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Conservative Leader Andrew Scheer faced heavy criticism and calls to resign during a campaign postmortem event in Montreal, according to former Quebec candidates and organizers.

Late Tuesday, Senator Claude Carignan added his voice to the resignation calls, saying the growing criticism shows Mr. Scheer has lost the “moral authority” to lead the party.

“He will not be able to manage the party in the House," Mr. Carignan, the former Conservative leader in the Senate, said. “If all of the media attention, all of the questions are about his leadership, he will lose the possibility to push Trudeau.”

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Mr. Carignan’s message echoes participants at the Conservative Leader’s private event held Monday evening, who said a clear majority of those present asked for Mr. Scheer to leave before he faces a confidence vote at a party convention in April.

Defeated candidates Marie-Claude Fournier and Tom Pentefountas said they directly told Mr. Scheer that he has peaked in Quebec and that the Conservative Party cannot grow in the province under his leadership.

“The people have made up their minds and they won’t come back,” Ms. Fournier said in an interview.

Mr. Pentefountas added that while he feels Mr. Scheer would have made an excellent prime minister, the time has come for him to leave in an honourable fashion.

“I think Andrew Scheer should resign. He would go out as a hero,” Mr. Pentefountas said.

Mr. Scheer, who has mandated former Conservative minister John Baird to conduct a separate postelection analysis, has given no hint that he will step down. After firing chief of staff Marc-André Leclerc and director of communications Brock Harrison last week, Mr. Scheer is scheduled to unveil his shadow cabinet shortly.

Mr. Scheer is currently touring the country to hear from members about his party’s second-place finish in the election, which many Conservatives have described as an underwhelming and disappointing performance. He will hold a postmortem event in Ottawa on Thursday and other ones in coming weeks in the Greater Toronto Area, the Western provinces and Quebec City.

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Mr. Scheer is under fire from various wings of the Conservative Party. While some would like him to adopt more progressive views on same-sex marriage and abortion, other social conservative groups are accusing him of failing to defend their beliefs.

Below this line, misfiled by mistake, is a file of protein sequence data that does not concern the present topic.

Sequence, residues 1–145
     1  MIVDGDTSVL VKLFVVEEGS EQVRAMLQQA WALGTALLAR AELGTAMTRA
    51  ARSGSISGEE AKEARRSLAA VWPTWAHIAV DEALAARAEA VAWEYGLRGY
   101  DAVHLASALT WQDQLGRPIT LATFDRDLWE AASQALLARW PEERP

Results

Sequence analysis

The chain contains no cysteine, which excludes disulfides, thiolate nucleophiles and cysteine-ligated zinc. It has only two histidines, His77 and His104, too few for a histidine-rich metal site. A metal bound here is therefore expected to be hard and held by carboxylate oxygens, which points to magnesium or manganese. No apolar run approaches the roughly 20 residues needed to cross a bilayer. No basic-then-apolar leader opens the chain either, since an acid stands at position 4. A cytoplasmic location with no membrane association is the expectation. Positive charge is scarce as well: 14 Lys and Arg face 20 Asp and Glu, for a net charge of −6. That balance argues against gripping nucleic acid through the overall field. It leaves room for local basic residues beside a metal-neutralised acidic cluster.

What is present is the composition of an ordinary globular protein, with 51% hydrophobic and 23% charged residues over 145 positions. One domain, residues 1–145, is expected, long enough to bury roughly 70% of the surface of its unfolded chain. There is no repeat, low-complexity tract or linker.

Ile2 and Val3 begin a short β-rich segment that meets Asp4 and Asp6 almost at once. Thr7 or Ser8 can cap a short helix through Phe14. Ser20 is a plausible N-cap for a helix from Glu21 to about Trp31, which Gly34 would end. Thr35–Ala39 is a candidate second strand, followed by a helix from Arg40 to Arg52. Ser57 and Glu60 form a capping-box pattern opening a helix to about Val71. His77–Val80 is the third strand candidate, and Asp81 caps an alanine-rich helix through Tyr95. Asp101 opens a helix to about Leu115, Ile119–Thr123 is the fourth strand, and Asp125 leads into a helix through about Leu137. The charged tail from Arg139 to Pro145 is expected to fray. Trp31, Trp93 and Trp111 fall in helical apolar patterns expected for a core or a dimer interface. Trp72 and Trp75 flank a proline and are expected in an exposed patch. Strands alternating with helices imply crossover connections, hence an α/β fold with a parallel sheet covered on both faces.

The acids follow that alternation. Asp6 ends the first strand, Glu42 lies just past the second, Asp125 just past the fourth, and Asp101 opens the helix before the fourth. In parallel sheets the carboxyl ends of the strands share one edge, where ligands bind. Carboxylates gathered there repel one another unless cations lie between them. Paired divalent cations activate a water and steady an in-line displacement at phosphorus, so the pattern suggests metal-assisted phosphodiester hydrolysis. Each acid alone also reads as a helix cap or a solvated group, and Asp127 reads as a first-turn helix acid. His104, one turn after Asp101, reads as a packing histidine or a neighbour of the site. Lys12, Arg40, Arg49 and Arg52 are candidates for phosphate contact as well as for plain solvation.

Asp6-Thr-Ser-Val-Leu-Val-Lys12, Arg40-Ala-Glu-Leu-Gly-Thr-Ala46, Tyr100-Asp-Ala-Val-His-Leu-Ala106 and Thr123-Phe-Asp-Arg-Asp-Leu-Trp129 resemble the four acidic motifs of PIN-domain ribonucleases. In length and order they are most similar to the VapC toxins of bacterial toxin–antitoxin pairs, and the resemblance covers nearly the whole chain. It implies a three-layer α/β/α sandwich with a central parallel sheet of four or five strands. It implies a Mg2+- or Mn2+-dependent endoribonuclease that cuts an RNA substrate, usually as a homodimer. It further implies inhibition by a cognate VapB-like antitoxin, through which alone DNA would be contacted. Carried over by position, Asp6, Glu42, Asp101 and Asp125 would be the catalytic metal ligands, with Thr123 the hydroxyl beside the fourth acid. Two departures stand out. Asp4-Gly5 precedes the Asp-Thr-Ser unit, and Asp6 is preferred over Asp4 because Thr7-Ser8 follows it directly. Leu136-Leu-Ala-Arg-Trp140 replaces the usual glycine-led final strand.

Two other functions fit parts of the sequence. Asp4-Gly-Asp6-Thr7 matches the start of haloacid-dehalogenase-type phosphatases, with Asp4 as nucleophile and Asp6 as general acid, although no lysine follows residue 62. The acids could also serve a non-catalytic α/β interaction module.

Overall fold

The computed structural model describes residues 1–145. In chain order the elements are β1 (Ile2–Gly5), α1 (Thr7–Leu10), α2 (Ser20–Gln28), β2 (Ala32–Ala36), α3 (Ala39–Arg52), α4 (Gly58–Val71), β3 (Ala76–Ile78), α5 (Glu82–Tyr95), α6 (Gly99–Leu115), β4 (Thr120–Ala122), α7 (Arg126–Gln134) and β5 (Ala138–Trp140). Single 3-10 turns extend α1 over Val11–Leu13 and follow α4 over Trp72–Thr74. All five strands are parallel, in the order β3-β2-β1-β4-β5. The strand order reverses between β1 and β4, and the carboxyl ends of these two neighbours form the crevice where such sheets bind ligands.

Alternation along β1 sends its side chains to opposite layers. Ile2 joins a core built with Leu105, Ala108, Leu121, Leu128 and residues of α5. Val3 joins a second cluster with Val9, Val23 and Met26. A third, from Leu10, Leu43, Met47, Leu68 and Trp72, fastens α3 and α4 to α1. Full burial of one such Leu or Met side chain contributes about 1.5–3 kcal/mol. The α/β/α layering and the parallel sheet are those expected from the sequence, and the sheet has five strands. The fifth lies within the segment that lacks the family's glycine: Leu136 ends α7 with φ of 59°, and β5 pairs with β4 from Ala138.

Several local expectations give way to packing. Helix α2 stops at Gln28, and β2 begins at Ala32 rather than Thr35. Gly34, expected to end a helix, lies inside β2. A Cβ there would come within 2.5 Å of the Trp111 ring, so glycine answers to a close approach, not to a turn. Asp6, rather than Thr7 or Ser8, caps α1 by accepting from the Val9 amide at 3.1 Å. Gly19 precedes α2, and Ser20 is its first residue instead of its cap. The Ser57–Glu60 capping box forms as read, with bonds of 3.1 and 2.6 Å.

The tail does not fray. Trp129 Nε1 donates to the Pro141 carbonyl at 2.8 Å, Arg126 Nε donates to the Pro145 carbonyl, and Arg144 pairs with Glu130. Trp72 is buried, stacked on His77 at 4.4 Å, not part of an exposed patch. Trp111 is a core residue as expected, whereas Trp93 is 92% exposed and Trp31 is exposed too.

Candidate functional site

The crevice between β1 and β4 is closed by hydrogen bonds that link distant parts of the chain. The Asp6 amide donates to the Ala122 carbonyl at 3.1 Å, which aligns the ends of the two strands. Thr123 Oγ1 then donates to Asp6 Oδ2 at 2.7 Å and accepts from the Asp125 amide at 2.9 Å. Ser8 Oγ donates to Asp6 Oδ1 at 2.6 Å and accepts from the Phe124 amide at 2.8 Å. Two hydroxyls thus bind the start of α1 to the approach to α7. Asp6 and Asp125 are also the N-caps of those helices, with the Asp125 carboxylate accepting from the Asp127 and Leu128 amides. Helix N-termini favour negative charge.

A spokeswoman for the Conservative Party, Josée Morissette, said that Mr. Scheer “has insisted on hearing directly” from former candidates and will continue to hold similar meetings in coming weeks.

Another defeated candidate, Véronique Laprise, said there was constructive criticism offered during the meeting that lasted more than two hours, insisting there was not a unanimous call for Mr. Scheer’s ouster.

“The main message [to Mr. Scheer] was, ‘If you want to stay, here are the things we need to work on,’” said Ms. Laprise, who ran in the riding of Beloeil-Chambly.

Conservative MP Luc Berthold, who was not present at the Montreal meeting, said Mr. Scheer has the right to conduct his own listening tour and wait for the results of Mr. Baird’s work before making a final decision on his future.

“I applaud him for facing the music,” said Mr. Berthold, the MP for Mégantic-L’Érable. “It is an exercise that requires much humility and courage.”

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Kory Teneycke, a senior supporter of Ontario Premier Doug Ford and veteran of the federal Conservative Party, said Mr. Scheer should resign immediately and run again in the subsequent leadership race if he wants to remain in power.

“It is a minority Parliament, and moving more quickly is in the interest of the party,” Mr. Teneycke said. “It is clearly evident he doesn’t have the level of support required to command the leadership.”

There were more than 50 people at the postmortem event in Montreal. In one room, Mr. Scheer and his Quebec lieutenant, Alain Rayes, heard from defeated candidates, while the Conservative Party’s executive director, Dustin van Vugt, met with campaign organizers in another venue.

Over all, the Conservatives lost two seats in the Quebec City area and failed to make inroads in cities such as Trois-Rivières, Drummondville or in the suburbs of Montreal, where the party had high hopes. The saving grace for the party was a victory in the riding of Beauce at the expense of former Conservative MP Maxime Bernier, who is now leading the People’s Party of Canada.

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